What do you enjoy most about making your work? Or what is the most exciting aspect of pursuing your art?
I really love to see how things evolve in the process of making them. I try to never imagine exactly what I want to make as a final image, because I think this would block me. In terms of pursuing this way, I find it quite exciting what people have been in touch with me for doing work for them. The art therapy cards I work on at the moment are a really good project that got me into thinking about how simple an image can be to express an idea. It's a lot of using colors/ shapes as symbols to evoke an idea, careful to not overwhelm the people using the cards and influence their imagination and drawing process. I wouldn't have been involved with such a project now if I hadn't been contacted by someone to do it.
What do you find to be the most challenging thing about pursuing art?
It's really challenging to stay focused and motivated. Daily I have so many ideas, but sitting and believing in just one, and then doing it until the end, is extremely hard for me. That's why I need people around me, preferably doing the same, with which I can exchange and discuss. The other thing is distraction, not only because I have to organize my week on my own, but also because of this pool of images in which we are drowning daily. It's hard to not get influenced by what I see or what I see to not trigger completely new, random and useless ideas. Sometimes I think the only way to be productive would be to escape somewhere isolated, but then I don't like isolation most of the times. It's an endless loop.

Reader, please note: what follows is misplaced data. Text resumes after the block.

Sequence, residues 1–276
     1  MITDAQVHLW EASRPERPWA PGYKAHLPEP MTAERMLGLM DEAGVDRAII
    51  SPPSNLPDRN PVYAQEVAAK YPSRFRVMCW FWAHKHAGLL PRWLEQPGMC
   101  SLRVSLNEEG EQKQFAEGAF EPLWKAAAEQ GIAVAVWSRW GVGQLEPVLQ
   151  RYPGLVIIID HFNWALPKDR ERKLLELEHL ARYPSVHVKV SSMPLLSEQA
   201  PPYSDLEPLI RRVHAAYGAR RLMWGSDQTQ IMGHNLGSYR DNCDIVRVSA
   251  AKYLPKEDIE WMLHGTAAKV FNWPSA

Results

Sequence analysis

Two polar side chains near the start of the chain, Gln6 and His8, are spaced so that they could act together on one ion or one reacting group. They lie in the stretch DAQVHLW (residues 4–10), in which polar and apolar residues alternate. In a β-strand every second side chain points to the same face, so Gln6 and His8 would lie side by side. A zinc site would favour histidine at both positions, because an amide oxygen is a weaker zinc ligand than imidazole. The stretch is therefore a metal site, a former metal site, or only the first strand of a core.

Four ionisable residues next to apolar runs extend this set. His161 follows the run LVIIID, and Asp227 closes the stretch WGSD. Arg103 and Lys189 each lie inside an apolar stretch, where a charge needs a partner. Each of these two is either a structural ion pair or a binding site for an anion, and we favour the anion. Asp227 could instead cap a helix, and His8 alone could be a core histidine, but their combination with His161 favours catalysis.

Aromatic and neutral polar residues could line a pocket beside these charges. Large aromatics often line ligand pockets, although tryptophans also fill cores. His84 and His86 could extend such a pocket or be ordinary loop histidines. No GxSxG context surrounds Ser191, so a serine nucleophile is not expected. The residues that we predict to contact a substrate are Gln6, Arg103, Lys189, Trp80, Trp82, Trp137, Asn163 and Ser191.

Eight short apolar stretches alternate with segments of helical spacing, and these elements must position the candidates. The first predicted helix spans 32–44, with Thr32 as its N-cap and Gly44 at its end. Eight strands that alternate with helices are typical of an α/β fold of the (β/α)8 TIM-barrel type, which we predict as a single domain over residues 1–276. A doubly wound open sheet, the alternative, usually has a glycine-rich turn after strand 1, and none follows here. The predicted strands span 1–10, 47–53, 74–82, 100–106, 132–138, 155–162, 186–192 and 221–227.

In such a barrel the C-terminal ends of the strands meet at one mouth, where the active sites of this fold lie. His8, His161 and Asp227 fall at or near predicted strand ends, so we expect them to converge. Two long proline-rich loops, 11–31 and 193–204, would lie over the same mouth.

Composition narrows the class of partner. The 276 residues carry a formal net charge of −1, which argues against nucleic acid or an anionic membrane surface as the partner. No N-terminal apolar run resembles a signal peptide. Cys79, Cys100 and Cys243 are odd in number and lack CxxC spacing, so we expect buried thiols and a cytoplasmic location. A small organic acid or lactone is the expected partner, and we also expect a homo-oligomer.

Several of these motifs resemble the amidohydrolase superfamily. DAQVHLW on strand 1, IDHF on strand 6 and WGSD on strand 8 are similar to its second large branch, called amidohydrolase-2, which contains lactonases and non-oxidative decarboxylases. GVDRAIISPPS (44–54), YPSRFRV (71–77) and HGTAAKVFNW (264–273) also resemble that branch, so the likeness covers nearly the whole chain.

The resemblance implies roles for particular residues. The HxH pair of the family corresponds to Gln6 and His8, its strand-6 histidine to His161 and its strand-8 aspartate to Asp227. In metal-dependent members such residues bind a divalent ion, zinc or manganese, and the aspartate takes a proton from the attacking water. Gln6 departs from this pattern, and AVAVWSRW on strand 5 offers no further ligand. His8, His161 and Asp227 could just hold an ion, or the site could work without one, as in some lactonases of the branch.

What do you need most as an artist?
I realized very much in the past few months I really need active and creative (in all meanings of the word) people. I think that a discussion of my work and in the same time of other people's work makes my work simply better. What I've chosen to do is after all a piece of communication, not just simply beautiful images, so I do always need to know what it says to others. Seeing how others work is equally exciting because people's minds are so different, their way of resolving briefs (in my case) or any type of problems is very personal. Being in conversation for me is a way to be in my time, to know where I am.
Do you have any upcoming exhibitions or projects?
At the moment I am starting work on a few of my own briefs, which I never had time to develop. This time finally came! I really want to make a book about cities, with a lot of buildings and cityscapes in it. I am also starting a collaboration with a good friend of mine and a visual artist on the theme of music. I am so happy I will work on the same project with someone else, whose work I am fond of. It will be launched online soon!
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Find more at cargocollective.com/andreapopyordanova!